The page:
God: Yes. Haven't I told you the Path of Flowers will be something you love?


God: Is it that you don't believe me?

I don't know. Maybe. Perhaps I think I don't deserve it, or that I'm making it up because I'm a passive person.

God: You don't deserve it. No one deserves anything. It is a gift, freely given. I want you to be happy. When you are happy, everything clicks. With your husband, with other relationships. That's when you're more confident, when you can hear me clearly. When you're happy you are not afraid.

I want to believe. I feel like I've been waiting, and I feel like I can wait until June, because that's when unemployment runs out. I'm afraid for the waiting period to end before June, but also afraid that it may go on longer than June.

God: But if you could be happy tomorrow, wouldn't you choose that?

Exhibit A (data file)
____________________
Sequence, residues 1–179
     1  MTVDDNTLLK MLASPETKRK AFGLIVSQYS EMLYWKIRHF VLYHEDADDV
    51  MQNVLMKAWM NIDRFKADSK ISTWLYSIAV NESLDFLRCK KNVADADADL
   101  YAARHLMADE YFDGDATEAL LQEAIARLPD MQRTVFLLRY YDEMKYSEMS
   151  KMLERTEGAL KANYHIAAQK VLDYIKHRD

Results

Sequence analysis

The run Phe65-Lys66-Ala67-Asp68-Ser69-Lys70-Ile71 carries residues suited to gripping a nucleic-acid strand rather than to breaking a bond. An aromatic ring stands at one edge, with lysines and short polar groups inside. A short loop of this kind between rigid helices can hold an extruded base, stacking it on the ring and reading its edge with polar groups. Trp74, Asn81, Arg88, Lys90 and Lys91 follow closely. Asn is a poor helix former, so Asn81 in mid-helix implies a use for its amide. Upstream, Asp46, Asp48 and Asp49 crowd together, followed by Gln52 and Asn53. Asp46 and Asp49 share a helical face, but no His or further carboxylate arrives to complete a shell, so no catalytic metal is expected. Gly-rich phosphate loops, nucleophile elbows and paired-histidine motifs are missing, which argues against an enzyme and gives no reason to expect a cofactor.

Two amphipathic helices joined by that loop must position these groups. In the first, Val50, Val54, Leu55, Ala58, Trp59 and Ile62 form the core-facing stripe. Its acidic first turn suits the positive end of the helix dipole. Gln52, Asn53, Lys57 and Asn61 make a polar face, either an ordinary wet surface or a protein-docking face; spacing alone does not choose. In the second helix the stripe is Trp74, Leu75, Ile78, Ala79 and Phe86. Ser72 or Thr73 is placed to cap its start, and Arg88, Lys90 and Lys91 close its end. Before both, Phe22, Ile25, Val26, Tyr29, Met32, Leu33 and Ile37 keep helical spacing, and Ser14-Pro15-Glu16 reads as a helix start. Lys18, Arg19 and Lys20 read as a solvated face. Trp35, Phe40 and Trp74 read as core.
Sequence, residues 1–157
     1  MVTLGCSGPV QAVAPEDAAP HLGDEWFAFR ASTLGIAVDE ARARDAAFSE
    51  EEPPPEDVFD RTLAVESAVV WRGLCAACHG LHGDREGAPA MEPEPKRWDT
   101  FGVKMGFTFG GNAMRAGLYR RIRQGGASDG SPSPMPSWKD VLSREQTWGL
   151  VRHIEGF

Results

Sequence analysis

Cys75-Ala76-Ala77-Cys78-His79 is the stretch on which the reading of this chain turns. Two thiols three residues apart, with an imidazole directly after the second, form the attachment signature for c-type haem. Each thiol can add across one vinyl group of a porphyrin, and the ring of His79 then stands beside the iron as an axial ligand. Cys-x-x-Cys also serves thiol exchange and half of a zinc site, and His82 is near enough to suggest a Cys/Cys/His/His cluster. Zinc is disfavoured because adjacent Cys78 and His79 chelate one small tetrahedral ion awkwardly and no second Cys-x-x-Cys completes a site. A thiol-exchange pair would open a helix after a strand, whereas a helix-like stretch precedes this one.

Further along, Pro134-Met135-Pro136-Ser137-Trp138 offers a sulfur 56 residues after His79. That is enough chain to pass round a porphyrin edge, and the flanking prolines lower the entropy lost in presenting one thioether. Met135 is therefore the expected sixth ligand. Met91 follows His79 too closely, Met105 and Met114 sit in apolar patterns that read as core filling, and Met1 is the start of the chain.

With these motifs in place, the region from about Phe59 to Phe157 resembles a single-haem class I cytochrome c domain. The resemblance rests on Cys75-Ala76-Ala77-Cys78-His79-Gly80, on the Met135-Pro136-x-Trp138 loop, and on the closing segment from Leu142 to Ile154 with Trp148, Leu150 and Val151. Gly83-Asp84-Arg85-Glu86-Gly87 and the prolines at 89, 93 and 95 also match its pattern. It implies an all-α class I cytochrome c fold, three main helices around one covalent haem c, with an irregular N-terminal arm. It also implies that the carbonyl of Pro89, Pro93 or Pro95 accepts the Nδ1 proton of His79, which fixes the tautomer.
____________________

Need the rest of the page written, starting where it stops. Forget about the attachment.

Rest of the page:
Put that way, yes. It seems absurd that I would cling to being miserable when I could be happy.

God: You don't trust me.

I want to. I just can't believe whatever it is will make me happy. But I really want to believe that. I'm so frustrated with myself. Why can't I trust you?

God: You've been tricked in the past.

But not by you.

God: But that doesn't matter. You think I'm going to trick you or put you in a Jeremiah situation.

I don't think I'm strong enough to be hated by everyone.

God: You will not be hated. This is the Path of Flowers, of love. The path of beauty. This will be wonderful.

Can it not happen until I truly believe it?

God: No. It can. But I want you to believe it. This will cut out the misery.

I hear your questions. You are not insane. You are not foolish, unless following me is foolish—then you are. The world may not understand you or support this waiting period. But sit tight. The path will come. It will!

Okay, help me, God. Help me believe it in every iota of my body. Let my cells—every living cell of me—believe it. The Path of Flowers will come. I will recognize it.